Tribunal malaise

So I do tend to read Tribunal transcripts quite a lot. This week has been thrilling to say the least, much new detail has emerged. One thing that I ask myself now is not about whether Bertie Ahern received large sums of cash.

The question I am asking myself now is exactly how connected is Ahern to the widespread planning corruption that pervaded Dublin during the 80s and 90s. There are certainly indirect connections to Frank Dunlop, via Des Richardson and his ‘companies’. There are connections to the failed Phoenix casino plan, to dollar transactions, to an array of developments.

Massive sums of cash were making their way into the accounts of Bertie Ahern. While Ahern says they are from friends, many of them were also property developers, who directly gained from planning and Government decisions.

A good example of this is Tim Collins, one of the donors to Ahern, and a close friend and a trustee of St Luke’s, who was involved with a company, Deepriver Ltd, who bought the Battle of the Boyne site for €3.43m in 1997, and sold it to the State in 2000 for €9.4m. For his trouble, Collins made €600,000. He was warned last year by the Tribunal, because he ‘forgot’ to mention this fact.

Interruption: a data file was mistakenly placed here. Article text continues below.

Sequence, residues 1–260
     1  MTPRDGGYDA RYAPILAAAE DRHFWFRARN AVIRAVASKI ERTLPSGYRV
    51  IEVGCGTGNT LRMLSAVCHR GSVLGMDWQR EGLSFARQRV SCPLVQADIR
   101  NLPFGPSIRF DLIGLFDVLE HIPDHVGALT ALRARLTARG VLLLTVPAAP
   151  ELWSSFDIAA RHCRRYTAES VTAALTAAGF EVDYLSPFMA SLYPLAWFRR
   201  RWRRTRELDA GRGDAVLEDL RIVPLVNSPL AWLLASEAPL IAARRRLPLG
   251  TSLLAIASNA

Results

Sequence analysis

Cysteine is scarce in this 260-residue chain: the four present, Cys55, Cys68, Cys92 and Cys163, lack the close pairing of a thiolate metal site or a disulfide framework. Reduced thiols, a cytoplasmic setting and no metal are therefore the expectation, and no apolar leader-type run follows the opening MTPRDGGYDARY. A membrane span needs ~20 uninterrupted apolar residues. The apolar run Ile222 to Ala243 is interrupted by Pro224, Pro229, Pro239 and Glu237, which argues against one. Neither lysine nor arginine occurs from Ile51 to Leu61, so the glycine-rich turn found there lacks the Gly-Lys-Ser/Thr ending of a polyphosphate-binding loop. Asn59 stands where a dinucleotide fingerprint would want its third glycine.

Tim Collins was also involved with Des Richardson in Work Force Limited, the ‘company’ that facilitated the £5,000 donation from NCB stockbrokers.

Ahern has not explained these huge cash lodgements by any means. And the more the Tribunal probes, the less Ahern’s story holds water.